Jimmy Savile scandal: judge’s review contacted by more than 425 people, multiple personality disorder (MPD) valid and caused by extreme child abuse

February 19, 2013 Comments Off on Jimmy Savile scandal: judge’s review contacted by more than 425 people, multiple personality disorder (MPD) valid and caused by extreme child abuse

– Jimmy Savile scandal: judge’s review contacted by more than 425 people
– Professional skepticism of multiple personality disorder.
– Mental health professionals’ skepticism about multiple personality disorder.
– Psychiatrists’ Attitudes Toward Dissociative Disorders Diagnoses

“Data from 425 respondents indicated that the majority of psychologists believed multiple personality disorder (MPD) to be a valid but rare clinical diagnosis. Respondents cited extreme child abuse as the foremost cause of MPD.”

Jimmy Savile scandal: judge’s review contacted by more than 425 people
Dame Janet Smith’s investigation into sexual abuse at the BBC over five decades highlights scale of allegations it covers      Josh Halliday      guardian.co.uk, Monday 18 February 2013

The judge-led investigation into sexual abuse at the BBC in the Jimmy Savile era has been contacted by more than 425 people and carried out 60 in-person interviews with witnesses.

The Dame Janet Smith review on Monday said it had conducted approximately 250 conversations with witnesses since its inquiry began in December.
About 60 interviews face-to-face interviews have taken place with witnesses in London and further meetings are planned over the coming weeks, the inquiry said.
http://www.guardian.co.uk/media/2013/feb/18/jimmy-savile-scandal-judge-review

Professional skepticism of multiple personality disorder.
By Cormier, Jane F.; Thelen, Mark H.
Professional Psychology: Research and Practice, Vol 29(2), Apr 1998, 163-167.
Abstract
If you saw a patient who appeared to have more than one personality, what diagnosis would you make? And how would you vary your clinical approach? Data from 425 respondents indicated that the majority of psychologists believed multiple personality disorder (MPD) to be a valid but rare clinical diagnosis. Respondents cited extreme child abuse as the foremost cause of MPD. Approximately one-half of all respondents believed that they had encountered a client with MPD, whereas less than one-third believed that they had encountered a client who feigned MPD. (PsycINFO Database Record (c) 2012 APA, all rights reserved)
http://psycnet.apa.org/index.cfm?fa=buy.optionToBuy&uid=1998-00832-013

Mental health professionals’ skepticism about multiple personality disorder.
By Hayes, Jeffrey A.; Mitchell, Jeffrey C.
Professional Psychology: Research and Practice, Vol 25(4), Nov 1994, 410-415.
Abstract
Three studies were conducted to investigate the nature of mental health professionals’ skepticism regarding multiple personality disorder (MPD). An initial pilot study was conducted to develop a psychometrically sound survey instrument. In Study 2, the results of a national survey of 207 mental health professionals supported the hypothesis that skepticism and knowledge about MPD are inversely related, r=–.33, p<.01, although the strength of this relationship varied among professions. Moderate to extreme skepticism was expressed by 24% of the sample. Results from Study 3 supported the hypotheses that MPD is diagnosed with less accuracy than is schizophrenia and that misdiagnosis of MPD is predicted by skepticism about MPD. Findings are related to literature pertaining to mental health professionals’ skepticism about MPD and consequential effects on treatment. (PsycINFO Database Record (c) 2012 APA, all rights reserved)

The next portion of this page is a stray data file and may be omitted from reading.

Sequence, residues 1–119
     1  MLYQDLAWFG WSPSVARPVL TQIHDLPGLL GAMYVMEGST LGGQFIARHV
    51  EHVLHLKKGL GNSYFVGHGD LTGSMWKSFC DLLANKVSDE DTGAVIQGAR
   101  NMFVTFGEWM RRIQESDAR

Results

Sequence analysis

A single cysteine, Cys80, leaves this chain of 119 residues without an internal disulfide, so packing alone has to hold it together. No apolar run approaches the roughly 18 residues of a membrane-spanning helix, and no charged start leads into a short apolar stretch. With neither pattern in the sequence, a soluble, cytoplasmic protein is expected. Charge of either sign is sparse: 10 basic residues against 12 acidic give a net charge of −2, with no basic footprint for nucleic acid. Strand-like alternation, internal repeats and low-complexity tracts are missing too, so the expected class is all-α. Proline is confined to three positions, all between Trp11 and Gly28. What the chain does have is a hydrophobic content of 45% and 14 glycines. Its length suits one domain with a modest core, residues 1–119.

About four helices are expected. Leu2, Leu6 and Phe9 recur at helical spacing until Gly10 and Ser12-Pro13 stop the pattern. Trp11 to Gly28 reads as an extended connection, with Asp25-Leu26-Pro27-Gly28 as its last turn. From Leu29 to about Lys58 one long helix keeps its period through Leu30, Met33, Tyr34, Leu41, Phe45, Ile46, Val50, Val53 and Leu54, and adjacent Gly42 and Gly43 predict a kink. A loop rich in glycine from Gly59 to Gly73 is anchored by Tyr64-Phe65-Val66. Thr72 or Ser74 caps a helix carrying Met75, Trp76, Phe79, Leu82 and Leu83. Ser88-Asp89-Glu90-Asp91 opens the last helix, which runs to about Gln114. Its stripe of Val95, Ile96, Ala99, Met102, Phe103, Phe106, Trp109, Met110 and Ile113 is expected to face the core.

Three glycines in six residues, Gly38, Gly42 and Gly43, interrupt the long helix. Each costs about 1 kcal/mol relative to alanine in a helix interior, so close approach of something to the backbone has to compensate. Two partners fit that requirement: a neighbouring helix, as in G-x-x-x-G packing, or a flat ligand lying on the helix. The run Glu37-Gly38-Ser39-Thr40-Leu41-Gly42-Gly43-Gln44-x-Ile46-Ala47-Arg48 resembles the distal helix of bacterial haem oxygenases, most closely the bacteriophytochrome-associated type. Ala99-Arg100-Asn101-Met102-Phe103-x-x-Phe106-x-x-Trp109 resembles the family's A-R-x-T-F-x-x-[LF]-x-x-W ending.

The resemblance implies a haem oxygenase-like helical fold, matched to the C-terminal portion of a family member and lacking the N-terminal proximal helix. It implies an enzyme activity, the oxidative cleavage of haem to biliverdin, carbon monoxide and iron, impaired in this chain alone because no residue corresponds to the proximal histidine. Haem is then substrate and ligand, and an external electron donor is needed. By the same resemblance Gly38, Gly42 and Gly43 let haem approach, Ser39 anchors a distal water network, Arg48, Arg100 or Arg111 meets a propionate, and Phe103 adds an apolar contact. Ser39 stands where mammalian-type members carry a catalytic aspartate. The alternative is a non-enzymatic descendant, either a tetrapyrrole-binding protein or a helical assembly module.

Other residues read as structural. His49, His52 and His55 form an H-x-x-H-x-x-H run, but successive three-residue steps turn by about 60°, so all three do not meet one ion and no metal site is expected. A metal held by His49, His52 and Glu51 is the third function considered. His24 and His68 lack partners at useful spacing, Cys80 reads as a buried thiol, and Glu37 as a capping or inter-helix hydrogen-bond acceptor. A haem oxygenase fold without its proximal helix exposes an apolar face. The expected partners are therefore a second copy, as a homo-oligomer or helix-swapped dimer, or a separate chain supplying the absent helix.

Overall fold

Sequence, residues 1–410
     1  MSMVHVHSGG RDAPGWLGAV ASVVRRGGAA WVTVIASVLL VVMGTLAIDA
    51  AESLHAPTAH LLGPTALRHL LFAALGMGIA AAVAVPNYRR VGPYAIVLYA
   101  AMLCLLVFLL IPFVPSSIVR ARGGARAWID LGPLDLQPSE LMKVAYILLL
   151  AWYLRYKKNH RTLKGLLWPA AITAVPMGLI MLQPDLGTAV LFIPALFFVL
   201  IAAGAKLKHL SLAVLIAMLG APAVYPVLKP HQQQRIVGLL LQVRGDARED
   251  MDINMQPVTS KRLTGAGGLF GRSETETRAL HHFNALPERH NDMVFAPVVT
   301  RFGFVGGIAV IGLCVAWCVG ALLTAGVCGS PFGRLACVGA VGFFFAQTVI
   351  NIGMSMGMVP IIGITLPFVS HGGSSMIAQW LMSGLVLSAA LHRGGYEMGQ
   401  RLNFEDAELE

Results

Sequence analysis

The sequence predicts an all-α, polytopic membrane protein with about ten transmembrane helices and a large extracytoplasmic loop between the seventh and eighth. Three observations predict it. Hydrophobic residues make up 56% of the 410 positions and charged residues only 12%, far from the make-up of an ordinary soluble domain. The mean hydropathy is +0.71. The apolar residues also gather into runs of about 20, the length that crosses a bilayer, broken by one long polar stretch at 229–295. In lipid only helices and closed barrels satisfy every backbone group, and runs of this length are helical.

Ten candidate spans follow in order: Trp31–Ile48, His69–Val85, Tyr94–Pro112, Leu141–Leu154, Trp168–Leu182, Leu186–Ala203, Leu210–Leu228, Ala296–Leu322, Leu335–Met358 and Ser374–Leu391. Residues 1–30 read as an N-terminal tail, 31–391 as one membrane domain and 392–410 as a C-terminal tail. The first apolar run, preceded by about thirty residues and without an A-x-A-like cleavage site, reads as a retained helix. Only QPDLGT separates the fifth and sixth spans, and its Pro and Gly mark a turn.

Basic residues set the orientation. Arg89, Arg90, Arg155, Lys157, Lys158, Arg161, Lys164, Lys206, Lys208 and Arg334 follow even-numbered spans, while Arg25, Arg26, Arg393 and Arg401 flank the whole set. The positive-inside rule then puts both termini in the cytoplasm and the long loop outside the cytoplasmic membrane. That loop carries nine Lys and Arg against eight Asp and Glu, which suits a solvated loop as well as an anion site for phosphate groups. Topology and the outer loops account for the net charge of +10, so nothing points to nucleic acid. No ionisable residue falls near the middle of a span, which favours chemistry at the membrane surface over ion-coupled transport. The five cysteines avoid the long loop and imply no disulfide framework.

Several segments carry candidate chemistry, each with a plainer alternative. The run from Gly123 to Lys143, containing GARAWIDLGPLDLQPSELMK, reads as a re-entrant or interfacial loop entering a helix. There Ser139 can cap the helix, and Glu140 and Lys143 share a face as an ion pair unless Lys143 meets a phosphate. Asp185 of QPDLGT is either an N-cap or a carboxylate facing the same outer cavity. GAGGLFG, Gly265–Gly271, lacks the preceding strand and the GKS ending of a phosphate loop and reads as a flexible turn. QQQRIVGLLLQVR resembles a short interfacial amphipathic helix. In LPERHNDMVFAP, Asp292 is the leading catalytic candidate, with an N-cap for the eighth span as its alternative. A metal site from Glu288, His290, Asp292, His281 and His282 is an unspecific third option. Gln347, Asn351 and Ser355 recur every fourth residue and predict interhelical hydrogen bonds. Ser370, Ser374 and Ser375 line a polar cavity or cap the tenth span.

http://psycnet.apa.org/index.cfm?fa=buy.optionToBuy&uid=1995-11275-001

Letter to the Editor   |   July 01, 2000
Psychiatrists’ Attitudes Toward Dissociative Disorders Diagnoses
A. STEVEN FRANKEL , PH.D., J.D.; SHERRY A. SPAN , M.A.
Am J Psychiatry 2000;157:1179-1179. 10.1176/appi.ajp.157.7.1179
In our opinion, the article by Harrison G. Pope, Jr., M.D., et al. (1) failed to comport with the level of scholarship usually required for publication in scientific journals. The authors failed to mention two methodologically sound studies (2, 3) showing that favorable attitudes toward dissociative identity disorder are positively correlated with knowledge about the disorder (from reading texts, attending conferences about dissociative identity disorder, etc.). Furthermore, that they did not assess attitudes toward other DSM-IV disorders may have itself introduced bias. This omission also failed to provide a baseline of skepticism from which attitudes toward all disorders might be assessed.

In addition, the authors’ methodological and statistical procedures were flawed. Random sampling cannot be achieved by a “prescribed formula.” The variables assessed did not appear driven by theory. Thus, while their logistic regression appeared sophisticated, the variables it analyzed were not. The most striking problem concerned their interpretation of the data. They reported that “[the disorders] should be included [in DSM-IV] only with reservations” as the modal response. Nevertheless, a sign test shows no significant differences between this group and the group that opted for inclusion without reservations. Thus, the more reasonable interpretation is that the overwhelming majority of responders indicated acceptance—with or without reservations.
http://journals.psychiatryonline.org/article.aspx?articleid=174234

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